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Tailoring Release Protocols to Individual Species and Sites: One Size Does Not Fit All

Tailoring Release Protocols to Individual Species and Sites: One Size Does Not Fit All

  • Katherine E. Moseby, 
  • Brydie M. Hill, 
  • Tyrone H. Lavery


Reintroduction programs for threatened species often include elaborate release strategies designed to improve success, but their advantages are rarely tested scientifically. We used a set of four experiments to demonstrate that the influence of release strategies on short-term reintroduction outcomes is related to both intrinsic and extrinsic factors. We compared different reintroduction strategies for three mammal species in an arid environment where exotic mammalian predators were removed. Wild greater stick-nest rats selected vegetation shelter sites with greater structural density than captive-bred rats, travelled further from the release site and experienced lower rates of mortality. In comparison, there was no difference in mortality or movement between wild and captive-bred greater bilbies. Burrowing bettongs and greater bilbies were also subjected to immediate and delayed release strategies and whilst no difference was detected in bilbies, bettongs that were subjected to delayed releases lost less weight and took less time to establish burrows than those that were immediately released. Interspecific differences in treatment response were attributed to predation risk, the nature of the release site, and behavioural traits such as shelter investment and sociality. Our varied results highlight the inadequacies of review articles focusing on optimum release protocols due to their attempt to generalise across species and release sites. We provide an example of a predictive model to guide future release strategy experimentation that recognises the range of intrinsic and extrinsic factors influencing reintroduction outcomes. We encourage researchers to treat programs experimentally, identify individual site and species characters that may influence release strategies and record data on movements, mortality, weight dynamics, and settling times and distances. The inherent issues of small sample size and low statistical power that plague most reintroduction experiments suggests there is also a need for increased standardisation and publication of data sets to enable appropriate meta-analyses to occur.


Species reintroductions are now widely used in conservation programs throughout the world and are defined by the IUCN [1] as “the intentional movement and release of an organism inside its indigenous range from which it has disappeared”. Yet, although reintroductions are widely practised, the successes of reintroduction programs (here defined as the establishment of a viable, self sustaining population) continue to vary greatly for different species under different scenarios. Bajomi [2] summarised the results of five global reintroduction reviews that reported between 11 and 62% of reintroduction programs as successful. At a global scale, factors cited as influencing reintroduction success include predation risk, habitat quality, release site range relative to historical area and the size of release populations [3][5]. Predation by introduced mammalian predators is the most significant cause of reintroduction failure in Australia [6][8]. As a result of this threat, more than half of 200 reviewed reintroductions in Australia have been into areas where exotic predators are excluded (82) or heavily controlled (30) [7]. Similarly, in New Zealand more than half (60) of the 96 bat, reptile and amphibian reintroductions have been onto islands where exotic mammals were absent or controlled [9].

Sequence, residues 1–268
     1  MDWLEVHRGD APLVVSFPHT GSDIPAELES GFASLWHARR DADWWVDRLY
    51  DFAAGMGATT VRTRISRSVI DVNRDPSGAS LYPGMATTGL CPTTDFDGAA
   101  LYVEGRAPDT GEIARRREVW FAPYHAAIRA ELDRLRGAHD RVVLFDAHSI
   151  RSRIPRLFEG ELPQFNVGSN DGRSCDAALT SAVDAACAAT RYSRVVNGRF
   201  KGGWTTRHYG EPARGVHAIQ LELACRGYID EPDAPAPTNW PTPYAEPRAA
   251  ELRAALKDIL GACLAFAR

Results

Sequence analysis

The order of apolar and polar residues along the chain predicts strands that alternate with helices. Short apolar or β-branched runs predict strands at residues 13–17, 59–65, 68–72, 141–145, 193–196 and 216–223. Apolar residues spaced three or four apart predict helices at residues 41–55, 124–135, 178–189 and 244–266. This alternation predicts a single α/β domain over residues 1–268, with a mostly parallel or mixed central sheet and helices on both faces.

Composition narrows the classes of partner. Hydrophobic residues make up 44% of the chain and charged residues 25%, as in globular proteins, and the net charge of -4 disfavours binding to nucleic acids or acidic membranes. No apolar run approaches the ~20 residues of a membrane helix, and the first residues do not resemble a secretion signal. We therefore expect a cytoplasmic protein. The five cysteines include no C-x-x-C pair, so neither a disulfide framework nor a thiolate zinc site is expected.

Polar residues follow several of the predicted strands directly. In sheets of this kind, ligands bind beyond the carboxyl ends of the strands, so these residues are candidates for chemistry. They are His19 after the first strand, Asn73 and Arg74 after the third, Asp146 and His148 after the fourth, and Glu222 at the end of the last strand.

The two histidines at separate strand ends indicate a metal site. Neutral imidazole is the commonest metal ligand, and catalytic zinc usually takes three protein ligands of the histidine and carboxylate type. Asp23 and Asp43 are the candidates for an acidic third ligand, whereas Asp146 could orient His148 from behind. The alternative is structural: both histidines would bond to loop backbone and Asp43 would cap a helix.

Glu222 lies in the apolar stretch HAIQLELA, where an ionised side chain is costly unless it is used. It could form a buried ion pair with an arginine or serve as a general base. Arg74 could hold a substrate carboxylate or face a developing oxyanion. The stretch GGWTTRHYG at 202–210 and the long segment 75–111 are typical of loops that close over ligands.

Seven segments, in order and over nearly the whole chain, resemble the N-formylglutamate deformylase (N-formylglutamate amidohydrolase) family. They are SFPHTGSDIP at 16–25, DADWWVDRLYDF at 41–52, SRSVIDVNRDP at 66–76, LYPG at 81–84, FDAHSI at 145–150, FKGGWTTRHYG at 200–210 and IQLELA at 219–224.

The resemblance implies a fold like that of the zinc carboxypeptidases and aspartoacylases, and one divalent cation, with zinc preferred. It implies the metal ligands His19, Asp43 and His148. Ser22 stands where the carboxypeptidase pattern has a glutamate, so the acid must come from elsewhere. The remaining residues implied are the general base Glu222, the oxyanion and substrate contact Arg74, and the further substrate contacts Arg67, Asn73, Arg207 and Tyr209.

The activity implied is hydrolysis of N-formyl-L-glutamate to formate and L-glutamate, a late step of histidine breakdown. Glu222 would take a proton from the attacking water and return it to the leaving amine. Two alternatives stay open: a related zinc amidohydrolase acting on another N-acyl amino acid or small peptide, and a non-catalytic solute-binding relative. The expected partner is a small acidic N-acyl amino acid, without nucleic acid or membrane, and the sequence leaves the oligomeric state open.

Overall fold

Practitioners often attempt to further improve reintroduction success by varying release protocols. Release protocols include components such as the choice of release site, the source of animals for release and the pre and post release support provided [10]. Source populations can be obtained from the wild or from captive-bred stock. Post release support can include the provision of food, shelter and/or water [11]. This style of release strategy also often employs an initial period of on-site containment designed to reduce the large scale post release movements [12], [13] that are considered to increase mortality and prevent establishment of cohesive populations [14][16]. Protocols that include the provision of these forms of support have been generally termed ‘soft’ releases in the literature with the belief that a period of containment on-site may also give animals time to adjust to their new surrounding and minimise mortality [15] and stress [17]. However, recent studies have found that this style of release can also be detrimental to long-term survival of some species [18]. The terms ‘soft’ and ‘hard’ release are misleading as they imply benefits or detriments to the reintroduced species that are rarely tested experimentally (e.g. [18]). Thus we herein refer to hard and soft release strategies as immediate and delayed releases, where our delayed releases also include supportive measures such as the provision of food and shelter.